Theatre Mirror Reviews - "A Measure of Normalcy"

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"A Measure of Normalcy"

Reviewed by Sheila Barth

Thereís nothing normal about playwriting apprentice Lucas Baischís, one-act play, ďA Measure of Normalcy,Ē making its world premiere at Gloucester Stage Company. In fact, itís downright bizarre, a 90-minute, nightmarish assault of stage gimmickry and weirdness.

According to press information, Baischís play takes place during Ēthe summer, when youíre tired of it being summer,Ē in a midwestern mini mall, centered on the food courtís burrito stand, where a handful of lost souls work or hang out.† Baischís story has merit, but his characters are obfuscated in Allison Schneiderís maze of blinking strobe-lights and David Wilsonís cacophonous, crackling interludes,† the stuff of teen-agersí wildest dreams, fantasies, and favorite video games. Courtney Nelsonís bleak set, with its few props and angled, suspended ceiling thatís missing some square panels, is fascinating, resembling a world extant between fantasy and reality.†

Director David R. Gammons leads a fine cast:
Lydia Barnett-Mulligan, who effectively portrays Casey Calloway, a 19-year-old assistant manager of the food courtís burrito stand. She impatiently trains a new employee, fantasizes about being a comic book, two-gun cowgirl character, and seems to be losing her grip. She lives with her grandmother, she says, but when we see Casey, sheís at the burrito stand, or sleeping under the table, conjuring up fantasy images. Casey resents her conflicting, contrasting cousin, Ari (Sarah Elizabeth Bedard), who claims to be a saleswoman. Actually, Ari has a pet gecko and operates a hallucenogenic drug business she conjured up, using the geckoís feces. Ari says she operates her business from their grandmotherís basement and peddles her wares at the mall and wherever.†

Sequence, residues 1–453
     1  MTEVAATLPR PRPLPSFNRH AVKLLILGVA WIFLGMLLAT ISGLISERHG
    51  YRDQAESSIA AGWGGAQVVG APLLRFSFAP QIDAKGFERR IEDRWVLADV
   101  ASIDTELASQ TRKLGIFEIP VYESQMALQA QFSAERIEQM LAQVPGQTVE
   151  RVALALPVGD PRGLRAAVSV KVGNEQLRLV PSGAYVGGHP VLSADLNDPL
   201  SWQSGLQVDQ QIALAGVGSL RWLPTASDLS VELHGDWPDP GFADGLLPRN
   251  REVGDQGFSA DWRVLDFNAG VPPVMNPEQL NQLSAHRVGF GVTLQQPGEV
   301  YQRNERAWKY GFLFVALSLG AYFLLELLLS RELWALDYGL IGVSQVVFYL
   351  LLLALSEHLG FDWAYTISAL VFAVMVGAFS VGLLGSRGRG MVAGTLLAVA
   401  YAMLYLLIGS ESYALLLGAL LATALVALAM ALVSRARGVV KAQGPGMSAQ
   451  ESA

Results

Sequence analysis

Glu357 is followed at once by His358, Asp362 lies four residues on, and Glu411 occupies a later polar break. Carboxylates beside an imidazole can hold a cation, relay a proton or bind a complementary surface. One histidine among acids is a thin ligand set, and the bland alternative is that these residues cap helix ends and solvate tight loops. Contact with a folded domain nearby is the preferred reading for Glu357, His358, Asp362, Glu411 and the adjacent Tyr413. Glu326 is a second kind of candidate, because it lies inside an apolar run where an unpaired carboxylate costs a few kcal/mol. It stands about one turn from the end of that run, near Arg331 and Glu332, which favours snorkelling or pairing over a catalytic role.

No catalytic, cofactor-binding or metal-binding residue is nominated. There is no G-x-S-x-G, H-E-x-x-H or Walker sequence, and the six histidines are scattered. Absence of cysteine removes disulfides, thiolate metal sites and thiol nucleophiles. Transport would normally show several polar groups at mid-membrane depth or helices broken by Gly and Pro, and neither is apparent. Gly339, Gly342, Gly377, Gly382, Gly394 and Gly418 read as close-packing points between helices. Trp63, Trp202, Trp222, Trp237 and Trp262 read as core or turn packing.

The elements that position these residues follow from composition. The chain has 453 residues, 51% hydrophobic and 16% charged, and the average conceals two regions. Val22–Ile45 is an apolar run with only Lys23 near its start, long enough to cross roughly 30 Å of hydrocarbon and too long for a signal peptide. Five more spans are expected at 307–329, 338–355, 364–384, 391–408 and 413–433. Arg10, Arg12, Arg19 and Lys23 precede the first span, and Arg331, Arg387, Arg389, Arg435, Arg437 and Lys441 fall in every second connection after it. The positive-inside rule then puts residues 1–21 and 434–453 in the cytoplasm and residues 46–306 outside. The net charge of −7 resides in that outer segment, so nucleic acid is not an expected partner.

We glean from other characters that mini mall poor soul Ms. Leland (Ellen Colton), who hands out leaflets and advice on how to achieve spiritual happiness, has become increasingly unhinged and homeless after losing her disabled son, despite her care, leaving her alone. She screams how she now lives in the mall, washing herself in the ladiesí bathroom, but canít rid herself of the stench of urine.†

Portraying Duncan, Eliott Purcell passes through the mall, creating balloon animals for peopleís enjoyment. He has high hopes of becoming a famous rapper, until he realizes he isnít good at it. Duncanís self-actualization leads him to cleaning himself up,hoping† to lead a more productive life.

New burrito stand employee August, who refers to himself by his nickname, Gus (Gabriel Graetz), lives with his parents and is a self-pronounced mathematician-statistician. I love algorithms,Ē he says. Gus desperately needs to hold onto his new job. Heís nervous, apprehensive, and tries hard to please and interact with Casey. ďYour optimism is unsettling,Ē she barks at him.

What ties this group together is a common thread of loneliness, despair and defeat. We want to know more about them, we want to understand them. We want to sympathize with their plight, but after 90 minutes, some of us feel left in the dark.

Gloucester Stage Company features the world premiere of Lucas Baischís, ďA Measure of Normalcy,Ē appearing through Nov.7, 267 East Main St., Gloucester: Wednesday-Saturday, at 7:30 p.m.; Saturday, Sunday, 2 p.m. All tickets, $28; ages 25-under, $1. Call 978-281-4433 or visit

"A Measure of Normalcy" (till 7 November)
@ The Gorton Theatre, 267 East Main Street, GLOUCESTER MA

THE THEATER MIRROR, New England's LIVE Theater Guide